"What I don't understand is that if this is in our best interest of the people of our neighborhood, then why were we caught off guard and why were we not part of the process of bringing this to the public?" community activist Marie Mott asked the Chattanooga City Council Tuesday night. "How dare you take our tax money and not allow us to have a seat at the table? The 'Chattanooga Way' is going to die with some of you."
Mott, who plans to challenge City Councilman Anthony Byrd in the District 8 City Council election in 2021, said with more public participation in the recruitment of Nippon there could have been more graduates from programs such as the robotics training offered at Motlow State Community College's campus in McMinnville, Tennessee, ready for the new jobs planned at the facility.
Berke said Chattanooga officials, who have been talking with Nippon about the project for the past year and a half, were competing with three or four other Southern cities. They worried that waiting longer to make zoning changes or assemble the city's offer after more public meetings could have left Chattanooga out of the final competition for the business investment.
"Given that some of the other offers [to lure Nippon to other cities] were richer than ours, we decided to go on [and rezone the site] to give us the best chance to secure this," Berke said.
Tetsuruo Fujita, CEO of Nippon Paint USA, said Monday the company was impressed with the training offered at Chattanooga State Community College and Nippon plans to try to hire local workers for the new plant, which will not begin production until 2021 and may not reach full staffing until 2025 or 2026.
Berke acknowledged that neighboring residents "have reason to be skeptical" because of the lack of new investment in the area over many decades. But the mayor said the neighborhood residents he has talked with about Nippon's plans "are ecstatic" and welcome the new jobs in the area.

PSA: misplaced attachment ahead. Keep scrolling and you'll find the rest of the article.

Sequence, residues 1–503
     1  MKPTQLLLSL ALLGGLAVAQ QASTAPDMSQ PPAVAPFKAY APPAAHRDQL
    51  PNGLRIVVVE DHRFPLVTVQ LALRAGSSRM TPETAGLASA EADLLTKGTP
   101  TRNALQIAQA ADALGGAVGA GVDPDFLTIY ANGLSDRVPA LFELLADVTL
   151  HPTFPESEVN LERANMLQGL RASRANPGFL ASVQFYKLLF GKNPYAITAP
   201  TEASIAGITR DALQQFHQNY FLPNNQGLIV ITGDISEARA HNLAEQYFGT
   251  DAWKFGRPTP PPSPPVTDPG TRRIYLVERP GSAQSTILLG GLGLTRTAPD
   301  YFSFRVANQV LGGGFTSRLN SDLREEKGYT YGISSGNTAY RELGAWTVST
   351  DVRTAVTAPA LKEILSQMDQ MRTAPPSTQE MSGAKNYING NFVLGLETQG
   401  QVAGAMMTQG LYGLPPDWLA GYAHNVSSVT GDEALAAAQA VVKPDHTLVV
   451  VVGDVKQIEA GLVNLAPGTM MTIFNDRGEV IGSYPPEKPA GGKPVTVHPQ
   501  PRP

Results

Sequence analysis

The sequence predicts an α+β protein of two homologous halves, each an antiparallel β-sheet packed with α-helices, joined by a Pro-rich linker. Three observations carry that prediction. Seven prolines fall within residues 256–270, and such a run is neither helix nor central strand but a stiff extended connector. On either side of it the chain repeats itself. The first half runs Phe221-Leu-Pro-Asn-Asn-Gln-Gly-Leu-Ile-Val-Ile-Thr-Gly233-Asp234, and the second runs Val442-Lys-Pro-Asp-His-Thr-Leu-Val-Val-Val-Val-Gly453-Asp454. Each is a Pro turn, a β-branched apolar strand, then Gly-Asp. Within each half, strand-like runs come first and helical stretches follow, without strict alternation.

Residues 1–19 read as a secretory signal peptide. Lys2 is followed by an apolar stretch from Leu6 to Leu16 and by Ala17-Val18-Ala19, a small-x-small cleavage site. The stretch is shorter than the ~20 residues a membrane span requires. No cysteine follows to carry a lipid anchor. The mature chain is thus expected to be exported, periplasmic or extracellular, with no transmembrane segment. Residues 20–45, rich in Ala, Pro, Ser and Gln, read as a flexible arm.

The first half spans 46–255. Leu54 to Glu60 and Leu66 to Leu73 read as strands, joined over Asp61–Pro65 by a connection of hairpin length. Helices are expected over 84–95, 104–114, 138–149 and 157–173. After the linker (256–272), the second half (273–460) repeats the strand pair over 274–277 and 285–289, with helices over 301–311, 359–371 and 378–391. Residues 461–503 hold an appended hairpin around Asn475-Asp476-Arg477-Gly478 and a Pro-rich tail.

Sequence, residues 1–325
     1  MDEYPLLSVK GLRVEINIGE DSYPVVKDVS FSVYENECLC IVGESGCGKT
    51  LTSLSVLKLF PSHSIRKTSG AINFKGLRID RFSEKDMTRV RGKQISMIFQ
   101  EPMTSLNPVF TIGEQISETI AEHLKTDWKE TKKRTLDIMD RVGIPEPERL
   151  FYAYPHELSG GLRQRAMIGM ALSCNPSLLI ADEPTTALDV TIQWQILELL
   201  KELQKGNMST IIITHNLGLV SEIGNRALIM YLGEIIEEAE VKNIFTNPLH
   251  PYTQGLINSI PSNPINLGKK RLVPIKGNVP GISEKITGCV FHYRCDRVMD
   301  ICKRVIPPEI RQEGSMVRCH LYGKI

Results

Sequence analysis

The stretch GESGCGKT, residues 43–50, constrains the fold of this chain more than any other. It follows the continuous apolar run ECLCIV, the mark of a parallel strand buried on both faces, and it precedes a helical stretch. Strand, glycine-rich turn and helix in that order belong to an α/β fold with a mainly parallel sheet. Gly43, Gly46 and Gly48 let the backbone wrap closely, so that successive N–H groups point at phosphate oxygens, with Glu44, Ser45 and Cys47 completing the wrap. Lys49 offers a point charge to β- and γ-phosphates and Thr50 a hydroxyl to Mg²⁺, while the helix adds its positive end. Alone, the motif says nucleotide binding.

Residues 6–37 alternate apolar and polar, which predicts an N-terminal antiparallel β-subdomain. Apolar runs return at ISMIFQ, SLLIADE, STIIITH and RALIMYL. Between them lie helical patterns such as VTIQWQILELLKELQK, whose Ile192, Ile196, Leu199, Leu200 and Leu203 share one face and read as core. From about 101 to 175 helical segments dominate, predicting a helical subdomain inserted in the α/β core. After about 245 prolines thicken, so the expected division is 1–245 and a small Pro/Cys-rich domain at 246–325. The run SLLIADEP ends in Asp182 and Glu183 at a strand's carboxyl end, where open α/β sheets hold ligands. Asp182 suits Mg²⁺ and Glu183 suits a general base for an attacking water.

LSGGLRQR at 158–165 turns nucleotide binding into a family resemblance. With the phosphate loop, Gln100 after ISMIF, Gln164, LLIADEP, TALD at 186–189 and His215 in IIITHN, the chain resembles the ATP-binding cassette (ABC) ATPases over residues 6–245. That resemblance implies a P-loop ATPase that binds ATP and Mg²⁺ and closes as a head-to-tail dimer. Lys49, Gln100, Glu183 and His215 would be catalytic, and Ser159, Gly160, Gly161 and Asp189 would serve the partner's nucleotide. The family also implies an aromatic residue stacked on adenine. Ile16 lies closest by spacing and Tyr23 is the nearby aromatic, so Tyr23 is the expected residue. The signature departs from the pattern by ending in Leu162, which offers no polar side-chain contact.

Byrd, the council member who represents Avondale, and Demetrus Coonrod, another city council representative who grew up in the former Harriet Tubman housing development before it closed in 2012, both voiced strong support for the new development, as did Hamilton County Commissioner Warren Mackey, who represents the area on the county commission.
Ken Smith, president of the Avondale Neighborhood Association, called the announcement of the redevelopment plans next to the Nippon Paint plant "the icing on the cake" after the recent additions of the Avondale Youth and Family Center and improvements such as the Wilcox tunnel and sidewalks along Glass Street in the area.
"We hope to build on this momentum by working together with the city, the county and the community to try to move things forward," he said.
Coppinger said the planned development by Nippon Paint and the rest of the Tubman site is projected to generate more than $11 million in additional property taxes from a site that now generates none.
"We can take a portion of that to help further redevelop this area, and that's a win for everyone," he said.
Helen Burns Sharp, president of the citizens group known as Accountability for Taxpayer Money (ATM), praised the proposed tax increment financing plan for the Tubman site as an example of how such tax-funded redevelopment projects should be structured to help economically challenged parts of the city.
ATM criticized the tax-funded improvements being made in the city's first TIF projects in Lookout Valley and near the riverfront on the west side "because they were located in upscale residential neighborhoods and the new roads to be paid for with TIF funds would likely have happened anyway," Sharp said.
"This TIF would be different in that this neighborhood meets the blight test," Sharp said Wednesday. "TIF can be a catalyst for development that likely would not happen without the incentive."
Sharp said she hopes city and county leaders "will make sure that neighborhood residents can help shape the plan for the site and neighborhood and that the new Area 3 Ridge to River Plan will serve as a guide."
Contact Dave Flessner at firstname.lastname@example.org or 423-757-6340.